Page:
Lawan and Emenalo are to cool their heels in the prison while awaiting the fate of their oral application for bail fixed for determination on February 8, this year.
The Independent Corrupt Practices and other related offences Commission (ICPC) preferred a seven-count criminal charge bordering on their alleged violation of the Corrupt Practices and Other Related Offences Act, 2000.
While granting the anti-corruption commission leave to prefer the charges against the duo, Justice Mudashiru Oniyangi ruled: "Upon careful consideration of the application and attached documents in support of same filed by the Complainant's Counsel, leave is hereby granted to the Complainant/Applicant to prefer criminal charge under Section 185 (b) of the Criminal Procedure Code (CPC)."
However, when the charge was read to the accused persons, they pleaded not guilty to all the counts.
Prosecution Counsel, Adegboyega Solomon Awomolo (SAN), had told the court that investigations into the matter had been concluded and the lists of witnesses filed and that he was ready to go on with the trial.
He said: "I apply that that the accused be placed in custody, pending the trial date," as, according to him, "we have been served with the motion for bail this morning. If it is convenient for you to take the application, we will take the application on points of law."
Defence Counsel, Ricky Tarfa (SAN) stated: "We apply that the accused persons be admitted to bail, pending the trial.
"We are also asking for bail on the most liberal terms. We adopt our written address, as the accused persons have been on administrative bail and they have never violated any of the terms of bail. The accused have been reporting to the police on 37 occasions; they have not traveled out more than four times since the commencement of investigation."
But Awomolo opposed the oral application, saying: "We are opposing the application for bail; they are charged with offences that are punishable with seven years in prison.
"There is the likelihood of their committing the same offence while on bail. They did not give an undertaking that when they are allowed to return to the National Assembly, if appointed into any committee, they will not obtain bribe.
"The right to liberty is not absolute, as guaranteed by the constitution under Section 35. The accuse persons were part and parcel of the enactment of the ICPC Act in 2000. They know the intention of the law and still got involved in it," Awomolo submitted.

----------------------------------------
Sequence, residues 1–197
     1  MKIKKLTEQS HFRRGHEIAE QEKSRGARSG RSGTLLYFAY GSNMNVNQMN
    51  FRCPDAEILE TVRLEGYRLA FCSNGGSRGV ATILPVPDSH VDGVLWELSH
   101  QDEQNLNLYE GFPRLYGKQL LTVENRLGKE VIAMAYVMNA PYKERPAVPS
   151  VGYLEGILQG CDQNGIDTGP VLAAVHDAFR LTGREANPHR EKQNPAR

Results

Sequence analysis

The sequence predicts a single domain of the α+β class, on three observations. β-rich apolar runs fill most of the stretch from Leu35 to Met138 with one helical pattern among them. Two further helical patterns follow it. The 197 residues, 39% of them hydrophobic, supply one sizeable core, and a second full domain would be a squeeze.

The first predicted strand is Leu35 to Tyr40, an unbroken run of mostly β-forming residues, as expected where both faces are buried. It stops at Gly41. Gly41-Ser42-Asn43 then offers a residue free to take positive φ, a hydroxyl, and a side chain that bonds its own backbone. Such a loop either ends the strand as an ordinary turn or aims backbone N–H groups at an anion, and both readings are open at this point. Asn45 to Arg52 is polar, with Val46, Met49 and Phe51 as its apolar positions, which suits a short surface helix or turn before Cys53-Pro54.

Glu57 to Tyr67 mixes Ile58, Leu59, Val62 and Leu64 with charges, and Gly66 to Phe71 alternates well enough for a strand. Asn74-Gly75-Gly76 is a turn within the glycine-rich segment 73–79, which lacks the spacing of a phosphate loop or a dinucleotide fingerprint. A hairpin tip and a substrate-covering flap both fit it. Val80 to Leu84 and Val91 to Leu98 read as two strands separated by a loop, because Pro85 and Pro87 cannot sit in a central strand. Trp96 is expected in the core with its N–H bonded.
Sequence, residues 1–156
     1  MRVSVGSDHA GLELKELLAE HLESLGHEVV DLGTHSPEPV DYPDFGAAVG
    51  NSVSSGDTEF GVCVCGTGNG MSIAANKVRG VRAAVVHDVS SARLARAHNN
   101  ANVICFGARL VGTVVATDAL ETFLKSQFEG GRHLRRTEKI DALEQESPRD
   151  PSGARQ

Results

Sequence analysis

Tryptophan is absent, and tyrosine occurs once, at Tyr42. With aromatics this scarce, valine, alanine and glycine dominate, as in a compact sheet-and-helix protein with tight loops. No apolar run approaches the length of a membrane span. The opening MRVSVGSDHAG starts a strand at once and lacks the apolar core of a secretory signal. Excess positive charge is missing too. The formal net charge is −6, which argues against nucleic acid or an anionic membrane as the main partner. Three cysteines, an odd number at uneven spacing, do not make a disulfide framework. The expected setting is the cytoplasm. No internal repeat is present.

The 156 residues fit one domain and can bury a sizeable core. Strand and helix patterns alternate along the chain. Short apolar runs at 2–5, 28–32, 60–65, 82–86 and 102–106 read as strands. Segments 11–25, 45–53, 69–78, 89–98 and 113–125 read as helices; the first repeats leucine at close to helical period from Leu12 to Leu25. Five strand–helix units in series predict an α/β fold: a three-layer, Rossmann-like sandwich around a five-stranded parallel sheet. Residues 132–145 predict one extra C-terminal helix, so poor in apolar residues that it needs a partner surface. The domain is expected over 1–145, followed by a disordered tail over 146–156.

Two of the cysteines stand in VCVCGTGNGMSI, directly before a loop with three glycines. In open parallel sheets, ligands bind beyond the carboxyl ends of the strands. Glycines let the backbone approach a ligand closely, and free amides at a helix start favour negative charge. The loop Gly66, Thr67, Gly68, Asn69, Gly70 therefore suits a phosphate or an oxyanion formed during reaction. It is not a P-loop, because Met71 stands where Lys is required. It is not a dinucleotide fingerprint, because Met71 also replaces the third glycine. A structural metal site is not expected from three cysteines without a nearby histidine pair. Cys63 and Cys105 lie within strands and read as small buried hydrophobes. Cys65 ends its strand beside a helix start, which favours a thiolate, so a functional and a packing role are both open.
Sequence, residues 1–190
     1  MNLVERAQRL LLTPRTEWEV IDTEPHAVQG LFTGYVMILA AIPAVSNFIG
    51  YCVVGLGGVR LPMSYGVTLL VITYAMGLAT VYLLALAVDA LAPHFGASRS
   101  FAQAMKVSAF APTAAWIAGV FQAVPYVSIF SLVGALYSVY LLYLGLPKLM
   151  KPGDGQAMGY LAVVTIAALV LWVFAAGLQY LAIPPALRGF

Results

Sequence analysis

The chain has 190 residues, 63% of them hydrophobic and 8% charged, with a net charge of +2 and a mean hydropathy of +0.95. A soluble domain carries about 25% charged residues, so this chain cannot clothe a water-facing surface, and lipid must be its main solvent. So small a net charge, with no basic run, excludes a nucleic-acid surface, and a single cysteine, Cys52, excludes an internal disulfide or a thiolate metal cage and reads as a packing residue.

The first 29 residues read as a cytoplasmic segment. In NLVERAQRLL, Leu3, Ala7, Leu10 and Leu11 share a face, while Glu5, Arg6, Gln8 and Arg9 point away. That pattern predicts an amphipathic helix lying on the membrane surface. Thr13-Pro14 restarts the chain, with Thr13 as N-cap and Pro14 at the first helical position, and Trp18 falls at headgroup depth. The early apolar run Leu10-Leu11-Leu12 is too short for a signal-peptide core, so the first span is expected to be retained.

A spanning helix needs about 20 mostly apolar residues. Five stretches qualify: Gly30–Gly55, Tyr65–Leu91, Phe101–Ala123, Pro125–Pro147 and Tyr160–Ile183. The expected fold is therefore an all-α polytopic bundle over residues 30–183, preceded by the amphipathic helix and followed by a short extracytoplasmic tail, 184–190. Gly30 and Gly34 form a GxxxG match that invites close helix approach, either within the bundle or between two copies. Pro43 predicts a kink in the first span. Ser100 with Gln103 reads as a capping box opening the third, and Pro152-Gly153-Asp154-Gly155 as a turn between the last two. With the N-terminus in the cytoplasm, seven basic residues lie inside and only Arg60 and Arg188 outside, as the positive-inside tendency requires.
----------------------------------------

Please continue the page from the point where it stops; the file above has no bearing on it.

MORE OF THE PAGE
After hearing the arguments on both sides, Justice Oniyangi adjourned to February 8, this year for ruling on the bail application and ordered that the accused persons be remanded in the custody of Kuje Prisons.
The charge sheet, marked FCT/HC/CR/76/2013, gave names and addresses of witnesses, proof of evidence, as well as a list of exhibits.
The charge sheet was signed by Mrs. O. O. Fatunde, the Director of Public Prosecutions (DPP) of the Federation, on behalf of the Attorney General of the Federation (AGF) and Minister of Justice, Mohammed Bello Adoke (SAN).
Prosecuting counsel, Awomolo had given indication of their arraignment in an interview with journalists in Abuja, even as Lagos-based lawyer, Festus Keyamo, had written a letter to the AGF, requesting the immediate prosecution of the duo.
Meanwhile, the Arewa Youths Consultative Forum (AYCF) has accused the Presidency of connivance and bias in the handling of the bribery saga.
Reacting to the prosecution of Lawan (and Emenalo) by the Federal Government, Alhaji Shettima Yerima, president of AYCF, in a statement issued in Lagos, said by isolating Lawan for prosecution and tacitly dumping the House fuel subsidy probe resolution, the Presidency appeared desperate to tilt both the subsidy scam and bribery scandal in favour of Otedola
Yerima accused Otedola of also trying to influence the course of justice by maliciously sponsoring some notable activists to compel the government to charge Lawan to court over the saga involving both of them
He said under the law, the Presidency has no justification to leave out Otedola from the ongoing prosecution, as according to him, both givers and takers of bribes are conventionally culpable of bribery offence.
"What is the intention of the contrived bribery by Otedola in the first place? Our structures have been inundated with reports of the subtle conspiracy between the Presidency and Otedola to undermine the House committee probe on fuel subsidy scam, which found Otedola and his cohorts culpable."
The youth leader cautioned the federal government not to compromise equity and justice in the matter, saying what is good for the geese is also good for the gander.
While insisting, "Otedola must also be brought to justice for admitting masterminding bribery and for his alleged culpability in the fuel subsidy scam," the Arewa youths condemn what they perceived as a ploy to discredit and jettison the House report on account of the masterminded bribery plot.
The group urged the federal government to immediately commence action on the lawmakers' resolution so as not to provoke its mass intervention in concert with other civil society groups.